In history

One icon of the official left in India is the worker buy-out of Kamani Tubes Ltd. in Bombay, the Indian variant of the French LIP strike of 1973 (8), or the more recent ESOP’s (Employee Stock Option Purchase) in the U.S. Kamani Tubes Ltd. was taken over in 1987 by its work force of 450, after 60 workers were laid off. The workers raised the buyout funds by taking out mortgages, and received support from the Bureau of Industrial Finance and Reconstruction. The Kamani Tubes experience of self-managed austerity is still used as a paradigm by India’s NGOs and official left, and has been copied in a few other well-publicized instances, such as the Kanoria Jute Mill in Calcutta after 1993.

Not all workers’ struggles in India, however, are successfully contained or manipulated by the unions. In 1989, 35,000 textile workers in Kanpur, an old industrial city in Uttar Pradesh, revolted against all local unions and blocked the railway lines through the city, taking turns by shift. 100 trains were cancelled, and the government conceded their demands in 5 days. In this case, in contrast to the nation-wide, union-controlled Bata Shoe strikes, government propaganda and the media weighed in heavily against the action, and trade union officials also attacked it. (In 1977, just after Indira Gandhi’s state of emergency had been lifted and the anti-emergency Janata Party had taken power, the government had fired on Kanpur textile workers inside the Swadeshi Cotton Mill, killing between 30 and 150 workers and running off all trade union leaders. The textile mill had been nationalized shortly after the shootings.) In 1989, however, an impending election year militated against government violence. Nonetheless, once the struggle had died down, the government announced a retrenchment program and pushed it through over the next 4 or 5 years.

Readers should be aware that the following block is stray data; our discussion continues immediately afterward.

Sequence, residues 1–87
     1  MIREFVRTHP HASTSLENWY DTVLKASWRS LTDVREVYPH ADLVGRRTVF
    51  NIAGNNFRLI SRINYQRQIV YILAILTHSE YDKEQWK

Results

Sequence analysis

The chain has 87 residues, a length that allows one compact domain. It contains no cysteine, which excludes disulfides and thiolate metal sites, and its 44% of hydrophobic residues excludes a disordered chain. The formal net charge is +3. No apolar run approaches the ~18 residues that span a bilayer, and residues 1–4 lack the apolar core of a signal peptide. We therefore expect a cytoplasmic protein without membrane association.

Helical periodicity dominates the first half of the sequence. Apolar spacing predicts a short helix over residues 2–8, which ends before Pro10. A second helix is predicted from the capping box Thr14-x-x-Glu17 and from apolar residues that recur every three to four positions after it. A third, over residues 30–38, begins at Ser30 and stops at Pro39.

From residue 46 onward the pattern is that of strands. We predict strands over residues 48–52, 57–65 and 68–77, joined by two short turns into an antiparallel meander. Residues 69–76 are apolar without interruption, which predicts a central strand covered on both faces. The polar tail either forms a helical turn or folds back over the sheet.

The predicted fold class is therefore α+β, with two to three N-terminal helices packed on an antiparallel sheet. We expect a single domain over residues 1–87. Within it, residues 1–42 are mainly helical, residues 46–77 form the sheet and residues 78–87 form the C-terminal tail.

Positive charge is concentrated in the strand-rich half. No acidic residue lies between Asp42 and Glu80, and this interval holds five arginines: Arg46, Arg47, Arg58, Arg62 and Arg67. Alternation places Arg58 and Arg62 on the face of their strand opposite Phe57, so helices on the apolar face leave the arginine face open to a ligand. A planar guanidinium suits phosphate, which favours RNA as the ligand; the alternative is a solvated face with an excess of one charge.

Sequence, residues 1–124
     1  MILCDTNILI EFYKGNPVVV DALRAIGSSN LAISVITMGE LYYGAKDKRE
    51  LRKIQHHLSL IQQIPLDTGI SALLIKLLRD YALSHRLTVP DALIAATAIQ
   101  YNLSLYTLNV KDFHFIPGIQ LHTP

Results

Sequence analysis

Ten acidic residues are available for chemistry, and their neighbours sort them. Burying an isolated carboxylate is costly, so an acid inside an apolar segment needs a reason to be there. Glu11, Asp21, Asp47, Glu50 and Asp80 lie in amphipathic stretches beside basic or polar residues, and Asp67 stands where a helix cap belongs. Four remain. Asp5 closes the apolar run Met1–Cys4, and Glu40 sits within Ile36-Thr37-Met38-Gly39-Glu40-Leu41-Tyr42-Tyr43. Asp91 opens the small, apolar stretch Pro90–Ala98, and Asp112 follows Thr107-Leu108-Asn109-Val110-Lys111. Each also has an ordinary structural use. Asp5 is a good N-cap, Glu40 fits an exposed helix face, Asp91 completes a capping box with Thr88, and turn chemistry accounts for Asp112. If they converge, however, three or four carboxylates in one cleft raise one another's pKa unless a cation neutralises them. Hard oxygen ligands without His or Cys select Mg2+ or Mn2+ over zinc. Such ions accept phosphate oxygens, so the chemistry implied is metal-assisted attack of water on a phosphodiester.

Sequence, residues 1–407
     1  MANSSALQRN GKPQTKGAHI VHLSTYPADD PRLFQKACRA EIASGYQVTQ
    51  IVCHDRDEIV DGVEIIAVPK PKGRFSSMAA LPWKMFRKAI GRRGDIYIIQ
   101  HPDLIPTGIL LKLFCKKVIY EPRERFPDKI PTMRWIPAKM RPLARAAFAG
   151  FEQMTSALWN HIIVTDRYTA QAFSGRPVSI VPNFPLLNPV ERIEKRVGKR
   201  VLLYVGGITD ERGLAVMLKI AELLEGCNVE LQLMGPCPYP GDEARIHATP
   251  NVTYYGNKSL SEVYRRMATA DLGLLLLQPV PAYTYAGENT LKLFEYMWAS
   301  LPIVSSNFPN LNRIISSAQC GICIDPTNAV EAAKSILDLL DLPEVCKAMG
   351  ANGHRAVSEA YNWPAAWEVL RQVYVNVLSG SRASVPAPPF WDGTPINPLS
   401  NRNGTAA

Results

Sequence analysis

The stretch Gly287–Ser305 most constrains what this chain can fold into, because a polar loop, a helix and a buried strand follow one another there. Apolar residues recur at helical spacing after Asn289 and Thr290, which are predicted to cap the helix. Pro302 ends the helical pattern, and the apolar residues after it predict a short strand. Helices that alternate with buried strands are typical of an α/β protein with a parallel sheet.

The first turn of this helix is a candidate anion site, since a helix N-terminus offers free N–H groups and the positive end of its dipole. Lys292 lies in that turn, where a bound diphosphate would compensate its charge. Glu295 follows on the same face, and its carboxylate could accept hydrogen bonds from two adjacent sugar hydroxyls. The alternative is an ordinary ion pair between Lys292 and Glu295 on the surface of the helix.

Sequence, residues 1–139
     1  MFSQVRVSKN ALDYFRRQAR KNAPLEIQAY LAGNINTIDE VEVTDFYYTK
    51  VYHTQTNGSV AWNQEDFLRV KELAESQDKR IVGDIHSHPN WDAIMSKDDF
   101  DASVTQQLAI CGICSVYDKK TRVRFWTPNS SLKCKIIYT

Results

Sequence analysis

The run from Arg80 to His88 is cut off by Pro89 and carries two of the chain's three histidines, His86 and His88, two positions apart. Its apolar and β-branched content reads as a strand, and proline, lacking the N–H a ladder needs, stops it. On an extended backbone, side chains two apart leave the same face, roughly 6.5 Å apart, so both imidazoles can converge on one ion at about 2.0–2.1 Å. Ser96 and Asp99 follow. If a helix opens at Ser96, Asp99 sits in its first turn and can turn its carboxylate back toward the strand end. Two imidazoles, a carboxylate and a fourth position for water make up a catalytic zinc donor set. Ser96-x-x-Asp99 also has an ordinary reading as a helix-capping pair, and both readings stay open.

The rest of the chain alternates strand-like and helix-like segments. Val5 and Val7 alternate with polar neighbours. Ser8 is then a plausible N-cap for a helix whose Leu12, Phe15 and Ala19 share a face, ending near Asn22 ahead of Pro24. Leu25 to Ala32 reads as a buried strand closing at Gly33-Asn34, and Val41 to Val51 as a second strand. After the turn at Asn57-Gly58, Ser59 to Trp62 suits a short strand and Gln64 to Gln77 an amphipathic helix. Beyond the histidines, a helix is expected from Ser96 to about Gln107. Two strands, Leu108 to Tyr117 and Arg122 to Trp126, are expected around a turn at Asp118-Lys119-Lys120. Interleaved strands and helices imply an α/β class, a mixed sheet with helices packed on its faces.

Similarly, in December 1988, at the No.7 mining area at the Dhanbad Coal Mines in the state of Bihar, the piece-rate workers, fed up with the unions and their goon squads, revolted. They drafted demands and started a hunger strike at the union regional headquarters, and surrounded the regional management offices with slogans denouncing both corrupt management and corrupt unions. Unrest continued till July-August 1990, workers actively fought back mafia attacks. Subsequently two workers were killed in a police firing during a state attack on strikers.
In July 1990, another struggle outside and against union control erupted. 5,000 miners from the Munidih mines of the Bahrat Coking Coals Ltd. (BCCL) struck on their own. The police opened fire, killing two miners. All unions opposed the strike, and denounced the influence of “outsiders”. Management refused to negotiate, until Aug. 7, when 2,000 workers surrounded BCCL headquarters and forced talks, in which management persisted in pressing charges against the strikers. On Aug. 10, fighting erupted with police, and union goons threatened workers. Under this pressure, 50-60% went back to work, but after an Aug. 17 solidarity demonstration that mobilized 1,000 workers, management caved.



Extracts from Revolutionary “termites” in Faridabad: a proletarian current in India confronts third worldist statism by Loren Goldner retrieved from on August 30, 2011.


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